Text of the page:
Paul Bril

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Paul Bril
Wooded Ravine with Distant Harbor View
Pen and brown ink, some point of brush and brown, brown, gray and blue wash, heightened with white gouache, over traces of black chalk, on paper.
7 1/4 x 10 13/16 inches (183 x 275 mm)
Purchased by Pierpont Morgan (1837-1913) in 1909.
III, 144
Inscribed on verso of mount, in an eighteenth-century(?) hand, in faint graphite, "No 9 paul bril 36 frs".
Presumably Everhard Jabach (possibly a trace of his paraph at lower center edge; Lugt 2959-60); possibly Cabinet du Roi (i.e., Louis XIV, according to engraving by Caylus); Charles Fairfax Murray (1849-1919), London and Florence; from whom purchased through Galerie Alexandre Imbert, Rome, in 1909 by Pierpont Morgan (1837-1913), New York (no mark; see Lugt 1509); his son, J. P. Morgan, Jr. (1867-1943), New York.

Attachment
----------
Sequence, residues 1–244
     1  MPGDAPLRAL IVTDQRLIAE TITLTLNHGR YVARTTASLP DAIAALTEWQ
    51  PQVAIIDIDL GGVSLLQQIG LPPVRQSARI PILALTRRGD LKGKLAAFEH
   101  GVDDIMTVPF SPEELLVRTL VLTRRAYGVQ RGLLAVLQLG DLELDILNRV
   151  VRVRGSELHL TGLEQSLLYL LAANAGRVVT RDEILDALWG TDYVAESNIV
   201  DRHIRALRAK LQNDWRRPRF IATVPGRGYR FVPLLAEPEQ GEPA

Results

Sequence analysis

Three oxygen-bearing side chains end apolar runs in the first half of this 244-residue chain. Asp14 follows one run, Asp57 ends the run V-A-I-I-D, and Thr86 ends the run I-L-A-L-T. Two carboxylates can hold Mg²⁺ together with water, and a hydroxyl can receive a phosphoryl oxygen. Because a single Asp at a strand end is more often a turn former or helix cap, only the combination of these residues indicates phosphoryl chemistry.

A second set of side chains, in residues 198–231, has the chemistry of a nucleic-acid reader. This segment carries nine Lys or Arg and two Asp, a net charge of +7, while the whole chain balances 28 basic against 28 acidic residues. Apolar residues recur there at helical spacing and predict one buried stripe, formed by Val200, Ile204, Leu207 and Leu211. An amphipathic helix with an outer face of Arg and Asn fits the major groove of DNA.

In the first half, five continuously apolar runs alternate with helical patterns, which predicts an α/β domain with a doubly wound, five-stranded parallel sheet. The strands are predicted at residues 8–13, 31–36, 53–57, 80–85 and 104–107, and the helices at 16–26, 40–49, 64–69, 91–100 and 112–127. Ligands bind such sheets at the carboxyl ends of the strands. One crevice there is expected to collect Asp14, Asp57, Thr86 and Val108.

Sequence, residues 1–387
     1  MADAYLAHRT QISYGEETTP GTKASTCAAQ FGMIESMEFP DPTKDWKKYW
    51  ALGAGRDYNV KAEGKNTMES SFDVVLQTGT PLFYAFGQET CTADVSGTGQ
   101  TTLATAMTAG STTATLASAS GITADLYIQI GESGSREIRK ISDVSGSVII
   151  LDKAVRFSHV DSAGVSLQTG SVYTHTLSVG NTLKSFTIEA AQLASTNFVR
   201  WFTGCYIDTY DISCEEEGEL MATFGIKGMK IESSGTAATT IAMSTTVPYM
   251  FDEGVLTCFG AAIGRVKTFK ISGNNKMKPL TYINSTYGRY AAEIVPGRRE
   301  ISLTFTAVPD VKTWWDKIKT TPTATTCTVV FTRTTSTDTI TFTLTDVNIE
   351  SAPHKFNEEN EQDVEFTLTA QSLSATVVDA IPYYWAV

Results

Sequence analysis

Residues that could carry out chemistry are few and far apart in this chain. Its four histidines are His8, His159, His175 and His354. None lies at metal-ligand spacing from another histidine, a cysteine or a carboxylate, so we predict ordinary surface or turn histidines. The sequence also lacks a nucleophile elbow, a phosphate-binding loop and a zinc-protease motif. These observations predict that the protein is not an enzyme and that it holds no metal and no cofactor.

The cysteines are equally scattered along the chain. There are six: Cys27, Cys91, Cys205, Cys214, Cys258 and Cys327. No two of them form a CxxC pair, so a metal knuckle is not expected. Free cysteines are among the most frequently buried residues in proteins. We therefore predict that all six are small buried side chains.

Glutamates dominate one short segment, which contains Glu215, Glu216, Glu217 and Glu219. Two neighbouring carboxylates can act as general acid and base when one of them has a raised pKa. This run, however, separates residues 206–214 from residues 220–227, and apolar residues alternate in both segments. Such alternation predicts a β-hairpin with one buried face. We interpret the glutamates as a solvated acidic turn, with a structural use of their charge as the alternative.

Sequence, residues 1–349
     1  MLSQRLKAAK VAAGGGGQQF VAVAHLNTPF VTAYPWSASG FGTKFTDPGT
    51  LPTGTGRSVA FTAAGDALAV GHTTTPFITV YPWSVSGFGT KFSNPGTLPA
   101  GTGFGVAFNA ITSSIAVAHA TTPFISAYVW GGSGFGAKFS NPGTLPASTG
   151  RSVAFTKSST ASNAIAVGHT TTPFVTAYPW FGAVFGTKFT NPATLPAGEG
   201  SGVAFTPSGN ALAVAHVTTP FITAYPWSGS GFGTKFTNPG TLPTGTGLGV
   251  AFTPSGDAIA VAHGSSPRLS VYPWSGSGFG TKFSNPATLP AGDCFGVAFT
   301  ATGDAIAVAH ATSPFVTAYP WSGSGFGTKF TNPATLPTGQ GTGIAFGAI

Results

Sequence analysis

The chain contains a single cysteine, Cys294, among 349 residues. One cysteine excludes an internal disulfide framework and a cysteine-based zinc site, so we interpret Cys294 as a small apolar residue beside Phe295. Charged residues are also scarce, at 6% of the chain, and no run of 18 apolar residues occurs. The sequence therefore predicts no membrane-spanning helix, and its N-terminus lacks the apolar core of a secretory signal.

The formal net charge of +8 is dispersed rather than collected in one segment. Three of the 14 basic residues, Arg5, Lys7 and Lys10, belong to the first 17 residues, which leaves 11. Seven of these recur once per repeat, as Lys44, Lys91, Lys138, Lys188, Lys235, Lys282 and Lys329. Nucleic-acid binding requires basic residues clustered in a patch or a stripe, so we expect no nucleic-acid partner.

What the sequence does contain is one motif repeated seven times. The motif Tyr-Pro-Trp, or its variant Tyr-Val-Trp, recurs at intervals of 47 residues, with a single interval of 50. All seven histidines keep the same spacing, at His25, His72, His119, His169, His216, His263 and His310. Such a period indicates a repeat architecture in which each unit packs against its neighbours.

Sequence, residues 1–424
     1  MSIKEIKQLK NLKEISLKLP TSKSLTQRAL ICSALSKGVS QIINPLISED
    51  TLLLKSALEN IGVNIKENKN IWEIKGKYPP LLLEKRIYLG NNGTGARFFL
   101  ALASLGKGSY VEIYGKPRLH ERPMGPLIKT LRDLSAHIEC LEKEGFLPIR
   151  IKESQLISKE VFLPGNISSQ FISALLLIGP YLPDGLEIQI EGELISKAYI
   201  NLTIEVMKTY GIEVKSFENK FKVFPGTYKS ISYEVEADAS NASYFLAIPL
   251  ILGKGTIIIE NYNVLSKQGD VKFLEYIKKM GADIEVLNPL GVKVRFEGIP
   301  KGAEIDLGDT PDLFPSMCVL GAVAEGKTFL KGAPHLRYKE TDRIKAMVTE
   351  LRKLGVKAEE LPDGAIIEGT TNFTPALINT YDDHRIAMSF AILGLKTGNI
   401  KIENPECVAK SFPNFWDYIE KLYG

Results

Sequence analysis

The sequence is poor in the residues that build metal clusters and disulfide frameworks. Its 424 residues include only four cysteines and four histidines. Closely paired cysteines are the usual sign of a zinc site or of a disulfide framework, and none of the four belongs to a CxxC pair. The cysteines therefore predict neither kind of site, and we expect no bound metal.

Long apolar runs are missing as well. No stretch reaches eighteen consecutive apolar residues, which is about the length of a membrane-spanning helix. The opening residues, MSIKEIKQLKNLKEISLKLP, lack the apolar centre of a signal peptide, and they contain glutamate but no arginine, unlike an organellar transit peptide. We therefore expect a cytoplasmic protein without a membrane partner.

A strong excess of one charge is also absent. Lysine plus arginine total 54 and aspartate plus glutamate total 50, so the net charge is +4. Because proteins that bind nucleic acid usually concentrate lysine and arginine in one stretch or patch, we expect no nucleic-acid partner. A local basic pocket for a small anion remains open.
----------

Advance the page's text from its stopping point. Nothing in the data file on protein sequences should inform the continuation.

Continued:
One of the most influential Northern artists working in Rome in the late sixteenth century, Bril is credited with founding the Italianate landscape tradition perfected in the next century by Claude Lorrain. This sheet is one of only about one hundred drawings by the artist, mostly finished landscapes, that have survived. The composition may have served as the model for a painting, now lost but recorded in a photograph.


Watermark: none visible through lining, which is an old print.

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